There are times when it is better for a person to rent, but most often home ownership has many more benefits and advantages.
About 10 year ago a had a retired aunt and uncle who rented a condo in Las Vegas. Uncle Jim (not his real name) was a retired minister. Throughout his career he and his wife lived in parsonages, which are homes furnished by the congregation while they ministered there.
He and his wife told me that the biggest mistake they ever made was not to invest in buying a home. In their retirement years, when their other retired friends were living in homes that were almost paid off and had appreciated greatly, Uncle Jim and his wife were using a huge portion of their limited retirement money to make expensive condo rent payments. They strongly cautioned me not to make the same mistake they had.
Recent studies are showing that there are many benefits for both the owners and the community for owning your own home, including increased education for children, lower teen-age pregnancy rate and a higher lifetime annual income for children. Besides these, listed below are some of the primary advantages for owning your own house.
1) More Stable Housing Costs
Rent payments can be unpredictable and typically rise each year, but most mortgage payments remain unchanged for the entire loan period. If the taxes go up, the increase is usually gradual. This stable housing cost especially important in times of inflation, when renters lose money and owners make money.
2) Tax Savings
Homeowners can be eligible for significant tax savings because you can deduct mortgage interest and property taxes from your federal income tax, as well as many states’ income taxes. This can be a considerable amount of money at first, because the first few years of mortgage payments is made up mostly of interest and taxes.
3) Debt Consolidation
If you need to, you can refinance a mortgage loan to consolidate other debts (an opportunity you don’t have if you are renting.) And the interest on this is also tax deductible.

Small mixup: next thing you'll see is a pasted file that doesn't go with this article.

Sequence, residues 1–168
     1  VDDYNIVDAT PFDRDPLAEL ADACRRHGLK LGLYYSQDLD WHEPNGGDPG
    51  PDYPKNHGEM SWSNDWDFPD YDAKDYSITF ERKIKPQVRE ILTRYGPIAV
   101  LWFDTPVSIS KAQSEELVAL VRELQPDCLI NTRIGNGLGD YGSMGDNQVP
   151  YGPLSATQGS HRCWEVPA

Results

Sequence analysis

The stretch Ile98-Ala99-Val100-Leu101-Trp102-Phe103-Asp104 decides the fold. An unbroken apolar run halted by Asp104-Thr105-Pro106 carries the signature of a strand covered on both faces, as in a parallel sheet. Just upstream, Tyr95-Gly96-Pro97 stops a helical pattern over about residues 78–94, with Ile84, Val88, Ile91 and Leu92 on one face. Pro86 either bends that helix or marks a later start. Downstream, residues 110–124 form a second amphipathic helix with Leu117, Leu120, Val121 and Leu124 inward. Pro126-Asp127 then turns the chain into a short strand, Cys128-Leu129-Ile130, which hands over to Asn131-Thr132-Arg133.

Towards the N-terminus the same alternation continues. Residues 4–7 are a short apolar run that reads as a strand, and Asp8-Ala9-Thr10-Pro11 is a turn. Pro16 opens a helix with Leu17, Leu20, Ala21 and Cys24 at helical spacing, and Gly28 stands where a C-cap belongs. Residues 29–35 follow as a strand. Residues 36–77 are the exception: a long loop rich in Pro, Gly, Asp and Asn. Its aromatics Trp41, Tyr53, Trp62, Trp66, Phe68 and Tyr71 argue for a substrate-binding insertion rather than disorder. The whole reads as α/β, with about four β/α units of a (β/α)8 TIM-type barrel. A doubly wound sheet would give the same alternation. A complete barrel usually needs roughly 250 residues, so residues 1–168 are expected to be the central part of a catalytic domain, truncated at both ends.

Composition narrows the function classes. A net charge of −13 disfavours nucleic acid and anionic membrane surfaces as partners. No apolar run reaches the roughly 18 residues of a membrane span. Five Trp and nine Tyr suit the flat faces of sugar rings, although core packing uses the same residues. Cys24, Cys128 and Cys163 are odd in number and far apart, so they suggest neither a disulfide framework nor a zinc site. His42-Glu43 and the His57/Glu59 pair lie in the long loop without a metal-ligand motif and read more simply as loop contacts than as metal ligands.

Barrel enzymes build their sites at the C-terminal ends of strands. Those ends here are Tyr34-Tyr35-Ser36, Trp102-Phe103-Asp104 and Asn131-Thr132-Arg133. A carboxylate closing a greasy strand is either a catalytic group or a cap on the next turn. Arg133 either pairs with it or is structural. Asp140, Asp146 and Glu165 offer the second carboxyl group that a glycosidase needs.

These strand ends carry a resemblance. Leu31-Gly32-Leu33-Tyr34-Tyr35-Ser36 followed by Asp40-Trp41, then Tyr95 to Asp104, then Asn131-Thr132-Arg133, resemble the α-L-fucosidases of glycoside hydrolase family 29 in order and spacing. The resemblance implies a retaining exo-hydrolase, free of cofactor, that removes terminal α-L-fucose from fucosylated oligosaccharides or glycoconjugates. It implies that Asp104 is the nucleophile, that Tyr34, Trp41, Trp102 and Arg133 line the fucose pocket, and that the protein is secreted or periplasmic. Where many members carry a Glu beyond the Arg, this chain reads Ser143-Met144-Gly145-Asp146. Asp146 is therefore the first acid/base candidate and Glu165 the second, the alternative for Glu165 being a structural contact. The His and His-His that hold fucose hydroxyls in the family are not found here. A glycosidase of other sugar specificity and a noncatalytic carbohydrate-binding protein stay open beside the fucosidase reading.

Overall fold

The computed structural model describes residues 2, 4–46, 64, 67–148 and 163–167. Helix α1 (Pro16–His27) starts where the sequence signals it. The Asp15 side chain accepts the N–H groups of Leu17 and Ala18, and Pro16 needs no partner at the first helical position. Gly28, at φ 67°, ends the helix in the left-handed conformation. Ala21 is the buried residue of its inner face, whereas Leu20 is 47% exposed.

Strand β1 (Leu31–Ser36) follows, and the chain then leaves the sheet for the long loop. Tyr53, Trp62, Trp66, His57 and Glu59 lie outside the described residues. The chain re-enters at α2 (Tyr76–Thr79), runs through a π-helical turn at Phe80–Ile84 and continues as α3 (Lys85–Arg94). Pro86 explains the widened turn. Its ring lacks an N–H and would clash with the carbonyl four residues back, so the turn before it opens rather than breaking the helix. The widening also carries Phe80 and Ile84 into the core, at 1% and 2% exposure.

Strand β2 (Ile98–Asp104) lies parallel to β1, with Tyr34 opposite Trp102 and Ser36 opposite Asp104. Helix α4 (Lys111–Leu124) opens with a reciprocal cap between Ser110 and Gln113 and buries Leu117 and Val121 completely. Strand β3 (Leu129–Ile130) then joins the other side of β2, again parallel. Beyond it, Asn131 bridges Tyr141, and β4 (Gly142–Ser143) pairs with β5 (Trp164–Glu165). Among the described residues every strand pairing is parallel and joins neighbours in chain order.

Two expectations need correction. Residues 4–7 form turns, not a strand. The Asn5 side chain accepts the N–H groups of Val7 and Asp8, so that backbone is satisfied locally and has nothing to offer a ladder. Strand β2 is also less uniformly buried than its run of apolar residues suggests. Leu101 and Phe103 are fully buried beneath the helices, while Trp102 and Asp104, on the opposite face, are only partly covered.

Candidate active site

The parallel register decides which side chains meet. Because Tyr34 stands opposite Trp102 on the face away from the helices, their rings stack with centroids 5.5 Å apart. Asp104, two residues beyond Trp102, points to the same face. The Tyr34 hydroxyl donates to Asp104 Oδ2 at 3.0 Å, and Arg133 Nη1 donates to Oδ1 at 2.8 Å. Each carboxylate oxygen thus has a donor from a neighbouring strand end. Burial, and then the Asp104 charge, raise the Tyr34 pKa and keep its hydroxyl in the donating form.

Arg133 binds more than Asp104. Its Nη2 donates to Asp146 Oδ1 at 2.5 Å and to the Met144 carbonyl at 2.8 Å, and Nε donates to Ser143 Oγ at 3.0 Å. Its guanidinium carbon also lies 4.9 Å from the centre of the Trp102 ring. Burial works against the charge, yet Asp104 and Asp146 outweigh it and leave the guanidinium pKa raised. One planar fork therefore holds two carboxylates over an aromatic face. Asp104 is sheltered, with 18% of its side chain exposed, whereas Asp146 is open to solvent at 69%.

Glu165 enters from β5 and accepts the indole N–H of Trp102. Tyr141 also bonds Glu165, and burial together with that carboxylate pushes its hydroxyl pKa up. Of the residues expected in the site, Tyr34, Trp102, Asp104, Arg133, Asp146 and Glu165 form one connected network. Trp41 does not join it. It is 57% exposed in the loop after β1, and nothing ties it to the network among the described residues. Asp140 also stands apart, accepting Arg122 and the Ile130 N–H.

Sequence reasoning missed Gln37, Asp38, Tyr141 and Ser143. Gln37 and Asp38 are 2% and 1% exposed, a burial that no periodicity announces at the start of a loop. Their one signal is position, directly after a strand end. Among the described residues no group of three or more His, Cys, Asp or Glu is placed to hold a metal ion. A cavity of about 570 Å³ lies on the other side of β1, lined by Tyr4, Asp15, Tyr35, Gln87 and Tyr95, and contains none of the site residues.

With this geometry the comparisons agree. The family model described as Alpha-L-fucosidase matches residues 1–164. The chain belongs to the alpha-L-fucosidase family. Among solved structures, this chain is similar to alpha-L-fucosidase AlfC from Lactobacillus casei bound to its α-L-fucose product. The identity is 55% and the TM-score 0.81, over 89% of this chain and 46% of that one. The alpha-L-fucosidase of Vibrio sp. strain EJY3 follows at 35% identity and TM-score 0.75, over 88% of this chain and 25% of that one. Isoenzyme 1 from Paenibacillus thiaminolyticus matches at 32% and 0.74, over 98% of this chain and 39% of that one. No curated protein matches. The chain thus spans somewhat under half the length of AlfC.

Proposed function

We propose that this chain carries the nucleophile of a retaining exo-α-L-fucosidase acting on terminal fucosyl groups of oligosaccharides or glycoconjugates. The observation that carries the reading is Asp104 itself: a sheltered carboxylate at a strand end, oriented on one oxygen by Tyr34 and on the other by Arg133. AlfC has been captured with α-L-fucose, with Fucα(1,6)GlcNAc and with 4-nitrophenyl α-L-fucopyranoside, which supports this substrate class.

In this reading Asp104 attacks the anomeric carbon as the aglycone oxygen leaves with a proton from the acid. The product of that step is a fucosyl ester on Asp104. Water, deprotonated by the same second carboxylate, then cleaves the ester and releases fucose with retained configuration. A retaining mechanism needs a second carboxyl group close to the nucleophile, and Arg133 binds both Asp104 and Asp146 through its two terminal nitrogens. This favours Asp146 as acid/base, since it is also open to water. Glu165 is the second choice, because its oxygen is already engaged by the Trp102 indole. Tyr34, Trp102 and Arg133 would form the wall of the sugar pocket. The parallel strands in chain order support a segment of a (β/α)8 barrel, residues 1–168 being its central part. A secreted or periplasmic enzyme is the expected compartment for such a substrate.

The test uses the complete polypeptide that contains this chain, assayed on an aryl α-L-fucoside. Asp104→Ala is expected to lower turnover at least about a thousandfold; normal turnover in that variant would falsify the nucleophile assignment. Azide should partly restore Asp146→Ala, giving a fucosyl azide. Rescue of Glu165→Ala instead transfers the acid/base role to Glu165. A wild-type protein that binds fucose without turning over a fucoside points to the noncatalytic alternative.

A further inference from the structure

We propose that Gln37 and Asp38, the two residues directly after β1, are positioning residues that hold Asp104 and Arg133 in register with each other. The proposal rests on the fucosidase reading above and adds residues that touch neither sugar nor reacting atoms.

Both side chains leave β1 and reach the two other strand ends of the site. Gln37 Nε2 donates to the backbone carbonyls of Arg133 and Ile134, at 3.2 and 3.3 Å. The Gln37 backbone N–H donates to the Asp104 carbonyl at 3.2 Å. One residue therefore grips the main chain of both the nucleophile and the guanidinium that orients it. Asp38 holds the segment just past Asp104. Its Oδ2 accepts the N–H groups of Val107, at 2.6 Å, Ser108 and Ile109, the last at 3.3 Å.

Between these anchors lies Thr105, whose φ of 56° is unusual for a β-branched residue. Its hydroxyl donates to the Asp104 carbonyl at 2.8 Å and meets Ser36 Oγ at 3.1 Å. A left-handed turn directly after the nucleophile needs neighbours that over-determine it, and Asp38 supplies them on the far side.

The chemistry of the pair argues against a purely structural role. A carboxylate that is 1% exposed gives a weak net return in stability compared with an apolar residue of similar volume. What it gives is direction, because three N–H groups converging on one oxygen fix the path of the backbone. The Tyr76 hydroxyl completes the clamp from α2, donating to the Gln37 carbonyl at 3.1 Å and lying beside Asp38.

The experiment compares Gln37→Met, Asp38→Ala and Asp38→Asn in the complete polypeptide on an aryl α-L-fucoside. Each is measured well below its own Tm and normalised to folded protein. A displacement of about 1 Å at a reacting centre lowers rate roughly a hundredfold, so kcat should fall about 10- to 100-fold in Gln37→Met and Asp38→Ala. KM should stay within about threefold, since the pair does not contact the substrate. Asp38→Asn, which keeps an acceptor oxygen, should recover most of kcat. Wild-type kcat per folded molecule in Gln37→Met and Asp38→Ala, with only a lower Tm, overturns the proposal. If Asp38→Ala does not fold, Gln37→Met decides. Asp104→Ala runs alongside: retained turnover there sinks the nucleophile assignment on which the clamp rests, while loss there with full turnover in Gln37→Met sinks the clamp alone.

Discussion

Instead of payments disappearing into the pocket of someone else, home owners are building equity in their own home. This is often one of a person’s biggest investment assets. Each year that you own the home you pay more toward the principal, which is money you will get back when the home sells. It is like having a scheduled savings account that grows faster the longer you have it. If the property appreciates, and generally it does, it is like money in your pocket. And you are the one who gets to take advantage of that, not the landlord. You can then use this equity to plan for future goals like your child’s education or your retirement.
5) It is Yours!
When you own a home you are in control. You the freedom to decorate it and landscape it any way you wish. You can have a pet or two. No one can pop in and inspect your home and threaten to evict you.
Even young people, like college students out on their own, can often benefit from home ownership. It puts them ahead of other young people their age financially by helping with their credit and giving them what is often an excellent investment.
Often a college student buying a home will rent the rooms out, and his or her roommates end up making the payments for the house. When the student is ready to move on, her or she can sell the home (hopefully making a profit) or keep it as an investment and continue to rent it.
Buying a home is an important decision. It is often the largest purchase a person makes in his or her life. Home ownership also comes with some increased responsibilities, and isn’t for everyone. There are some disadvantages to home-ownership that you should take into account.
1) Increased Expenses
Your monthly expenses may increase, depending on your situation. Even if the monthly payments are the same, home owners still have to pay property taxes, all the utilities, and all the maintenance and upkeep costs for the home. Often you need to supply appliances that were furnished with a rental.
2) Decreased Freedom of Mobility
Homeowners can’t move as easily as a renter who just has to give notice to the landlord. Selling a house can be a complex and time consuming process.
3) Risk of Depreciation
In some areas with over-inflated prices, there may be a risk that the house will depreciate instead of increase in value, if the prices go down. If you then sell the house, you may not get enough money from the home to pay back your mortgage, and you will still owe the mortgage company money.
4) Possibility of Foreclosure
If for some reason you are unable to make your payments, you risk having the lender foreclose on your property. This can result in the loss of your home, any equity you have earned, and the loss of your good credit rating.